Use this URL to cite or link to this record in EThOS: http://ethos.bl.uk/OrderDetails.do?uin=uk.bl.ethos.556457
Title: Munshidāt : female Sufi performers in Egypt
Author: Dunleavy, Wendy Maria
Awarding Body: School of Oriental and African Studies (University of London)
Current Institution: SOAS, University of London
Date of Award: 2006
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Abstract:
Munshidät perform inshnd, which includes the recitation of poems and stories, as well as the performance of religious and popular songs, to mixed gender audiences at public Sufi celebrations and other religious, social and life cycle events, in Cairo and the Delta region of Lower Egypt. The public performance of music and song by women is highly contentious, generating heated debate amongst all strata of Egyptian society, yet munshidit have remained hitherto undocumented. My research on this subject has two main areas of focus. In the first instance it contextualises munshidit by framing it against the background of Islamic and social dictates on the public performance of women and briefly exploring the recent history of female performance in Egypt. It highlights the controversy generated by professional musicianship in Islam and relates this, coupled with contemporary shifts in the political, religious and social climate, to munshidit. Further to this, it identifies a stratum of Egypt's Islamic society in which women have the opportunity to perform in religious ritual and express musical creativity in the public domain. Secondly, by putting them in the context of Egypt's dominant religious and political discourses, this research presents an analysis of the performance practice and repertoire of munshidit. By referencing video footage taken by me in the field, it investigates the genres, styles and strategies used by munshidät to elicit audience responses and induce heightened emotions at particular points. Further to this, it illustrates the various strategies used in story telling, not only to raise emotional levels but also to raise the status of the performer, build a sense of community amongst audiences, and negotiate and comment on social dictates, politics and change. Finally, it explores commercial aspects of their performance and addresses issues concerning image production and self promotion.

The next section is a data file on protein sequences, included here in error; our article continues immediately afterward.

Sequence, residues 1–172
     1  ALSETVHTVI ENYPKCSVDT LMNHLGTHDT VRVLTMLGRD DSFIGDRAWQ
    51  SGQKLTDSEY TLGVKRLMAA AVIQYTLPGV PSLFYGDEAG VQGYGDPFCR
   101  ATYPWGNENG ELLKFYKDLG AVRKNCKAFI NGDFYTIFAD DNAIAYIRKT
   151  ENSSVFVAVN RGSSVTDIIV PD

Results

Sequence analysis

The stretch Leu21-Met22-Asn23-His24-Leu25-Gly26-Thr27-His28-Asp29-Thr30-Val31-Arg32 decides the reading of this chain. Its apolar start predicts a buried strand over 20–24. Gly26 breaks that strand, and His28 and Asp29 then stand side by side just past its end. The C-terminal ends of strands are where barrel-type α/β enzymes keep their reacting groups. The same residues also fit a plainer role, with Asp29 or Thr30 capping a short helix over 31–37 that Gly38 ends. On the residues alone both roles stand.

Supervisor: Not available Sponsor: Not available
Qualification Name: Thesis (Ph.D.) Qualification Level: Doctoral
EThOS ID: uk.bl.ethos.556457  DOI: Not available
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